With an interest in obtaining data on laboratory glass samples to compare with simulated glasses produced by molecular dynamics computer simulations, we have explored, using calorimetric techniques, the fictive temperatures that can be obtained using different laboratory quenching methods. We describe some useful analytical methods for characterizing quenched samples and, in the process, demonstrate a modified graphical treatment of DSC data that directly yields the m fragility index ("steepness" index) and permits the assembly of enthalpy relaxation data on different liquids in a fragility plot. Using these methods, we provide evidence for the trapping of high-Tg molecular glasses at fictive temperatures up to 1.16Tg and show that fictive temperatures up to and even beyond the crossover temperature for fragile glass formers should be possible using refined electrospray and fiber-spinning techniques. We discuss the relation of the low-T/Tg enthalpy relaxation, found in all hyperquenched glasses, to topographic features of the energy landscape for glass-forming liquids.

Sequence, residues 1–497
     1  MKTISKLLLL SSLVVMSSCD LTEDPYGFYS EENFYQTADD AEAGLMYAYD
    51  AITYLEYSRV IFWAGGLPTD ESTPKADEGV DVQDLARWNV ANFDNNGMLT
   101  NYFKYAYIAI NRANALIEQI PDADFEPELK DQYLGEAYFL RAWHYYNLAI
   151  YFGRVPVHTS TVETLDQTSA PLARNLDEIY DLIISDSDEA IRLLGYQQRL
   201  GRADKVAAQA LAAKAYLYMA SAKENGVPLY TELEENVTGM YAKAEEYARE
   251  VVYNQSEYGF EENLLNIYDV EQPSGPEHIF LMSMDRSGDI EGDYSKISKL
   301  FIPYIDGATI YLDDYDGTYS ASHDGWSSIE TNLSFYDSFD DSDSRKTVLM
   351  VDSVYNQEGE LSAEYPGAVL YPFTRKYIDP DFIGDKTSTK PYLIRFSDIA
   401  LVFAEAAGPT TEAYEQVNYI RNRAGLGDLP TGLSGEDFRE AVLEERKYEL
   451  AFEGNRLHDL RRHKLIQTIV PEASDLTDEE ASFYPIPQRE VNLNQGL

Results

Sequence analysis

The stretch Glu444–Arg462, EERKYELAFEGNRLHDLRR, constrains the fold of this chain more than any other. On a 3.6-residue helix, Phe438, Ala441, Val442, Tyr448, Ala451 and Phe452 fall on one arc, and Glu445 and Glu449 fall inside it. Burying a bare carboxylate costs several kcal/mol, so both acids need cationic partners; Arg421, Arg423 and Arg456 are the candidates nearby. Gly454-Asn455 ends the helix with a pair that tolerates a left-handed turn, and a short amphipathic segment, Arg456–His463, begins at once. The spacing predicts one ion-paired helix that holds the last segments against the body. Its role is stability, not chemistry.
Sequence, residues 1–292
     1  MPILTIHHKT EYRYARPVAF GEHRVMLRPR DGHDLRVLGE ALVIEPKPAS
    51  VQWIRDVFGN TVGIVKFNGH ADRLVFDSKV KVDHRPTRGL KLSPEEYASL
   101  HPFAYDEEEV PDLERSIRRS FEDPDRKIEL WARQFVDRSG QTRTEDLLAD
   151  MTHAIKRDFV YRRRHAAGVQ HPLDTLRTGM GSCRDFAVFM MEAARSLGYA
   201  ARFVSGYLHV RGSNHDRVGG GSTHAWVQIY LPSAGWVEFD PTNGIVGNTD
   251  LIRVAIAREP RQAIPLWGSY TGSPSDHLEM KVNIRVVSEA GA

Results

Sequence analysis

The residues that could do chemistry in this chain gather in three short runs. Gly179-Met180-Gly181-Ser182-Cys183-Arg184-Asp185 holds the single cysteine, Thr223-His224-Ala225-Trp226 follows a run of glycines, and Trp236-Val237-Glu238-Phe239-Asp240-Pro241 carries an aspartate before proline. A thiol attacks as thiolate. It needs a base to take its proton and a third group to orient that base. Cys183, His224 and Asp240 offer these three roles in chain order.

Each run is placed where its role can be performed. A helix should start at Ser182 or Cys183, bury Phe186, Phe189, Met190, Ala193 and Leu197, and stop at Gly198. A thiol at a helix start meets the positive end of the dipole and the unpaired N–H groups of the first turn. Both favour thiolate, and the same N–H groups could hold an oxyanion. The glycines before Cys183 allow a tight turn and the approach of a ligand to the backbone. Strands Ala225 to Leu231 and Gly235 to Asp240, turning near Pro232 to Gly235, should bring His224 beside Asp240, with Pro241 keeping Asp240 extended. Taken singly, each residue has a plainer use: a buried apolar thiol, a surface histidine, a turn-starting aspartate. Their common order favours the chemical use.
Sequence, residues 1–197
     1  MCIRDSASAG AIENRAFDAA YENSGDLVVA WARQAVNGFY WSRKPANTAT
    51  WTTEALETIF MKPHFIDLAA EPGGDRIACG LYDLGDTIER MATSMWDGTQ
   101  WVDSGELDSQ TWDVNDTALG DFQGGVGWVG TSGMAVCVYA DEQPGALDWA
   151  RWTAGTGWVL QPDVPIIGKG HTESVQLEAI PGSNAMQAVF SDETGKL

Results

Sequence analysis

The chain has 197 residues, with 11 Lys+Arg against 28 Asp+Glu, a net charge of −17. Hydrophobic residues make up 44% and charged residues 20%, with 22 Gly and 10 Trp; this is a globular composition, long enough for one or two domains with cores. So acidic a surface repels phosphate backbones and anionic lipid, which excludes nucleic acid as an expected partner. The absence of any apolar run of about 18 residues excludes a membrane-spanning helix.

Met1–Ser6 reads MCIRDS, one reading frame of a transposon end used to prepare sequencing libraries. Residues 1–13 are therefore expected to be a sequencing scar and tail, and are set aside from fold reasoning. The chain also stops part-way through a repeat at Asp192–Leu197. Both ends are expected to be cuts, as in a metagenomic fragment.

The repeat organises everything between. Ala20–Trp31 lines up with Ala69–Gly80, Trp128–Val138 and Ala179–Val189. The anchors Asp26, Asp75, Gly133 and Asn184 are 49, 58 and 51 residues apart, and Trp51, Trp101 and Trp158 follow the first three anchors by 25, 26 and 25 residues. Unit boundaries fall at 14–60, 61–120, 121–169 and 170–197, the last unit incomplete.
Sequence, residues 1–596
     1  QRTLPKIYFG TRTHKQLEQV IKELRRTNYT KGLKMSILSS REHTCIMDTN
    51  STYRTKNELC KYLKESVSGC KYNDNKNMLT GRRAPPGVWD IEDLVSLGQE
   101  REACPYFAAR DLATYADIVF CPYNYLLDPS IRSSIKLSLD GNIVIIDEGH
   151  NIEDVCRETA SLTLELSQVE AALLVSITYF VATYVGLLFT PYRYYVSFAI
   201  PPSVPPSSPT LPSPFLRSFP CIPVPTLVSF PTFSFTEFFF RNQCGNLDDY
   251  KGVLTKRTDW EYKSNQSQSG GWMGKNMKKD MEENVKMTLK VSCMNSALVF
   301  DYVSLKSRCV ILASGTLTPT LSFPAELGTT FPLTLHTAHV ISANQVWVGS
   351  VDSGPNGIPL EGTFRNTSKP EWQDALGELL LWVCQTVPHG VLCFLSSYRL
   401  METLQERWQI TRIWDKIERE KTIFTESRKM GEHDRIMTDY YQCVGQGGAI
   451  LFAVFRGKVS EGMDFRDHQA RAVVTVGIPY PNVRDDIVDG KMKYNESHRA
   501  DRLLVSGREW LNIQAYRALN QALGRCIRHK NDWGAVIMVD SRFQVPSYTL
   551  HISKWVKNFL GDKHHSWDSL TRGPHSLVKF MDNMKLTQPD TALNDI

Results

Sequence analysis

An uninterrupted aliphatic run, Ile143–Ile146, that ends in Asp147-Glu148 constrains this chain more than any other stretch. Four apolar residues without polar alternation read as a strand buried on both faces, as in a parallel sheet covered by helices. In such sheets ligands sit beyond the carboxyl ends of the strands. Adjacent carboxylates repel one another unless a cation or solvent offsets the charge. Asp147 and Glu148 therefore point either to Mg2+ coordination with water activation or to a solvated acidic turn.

ASJC Scopus subject areas
- Physical and Theoretical Chemistry
- Surfaces, Coatings and Films
- Materials Chemistry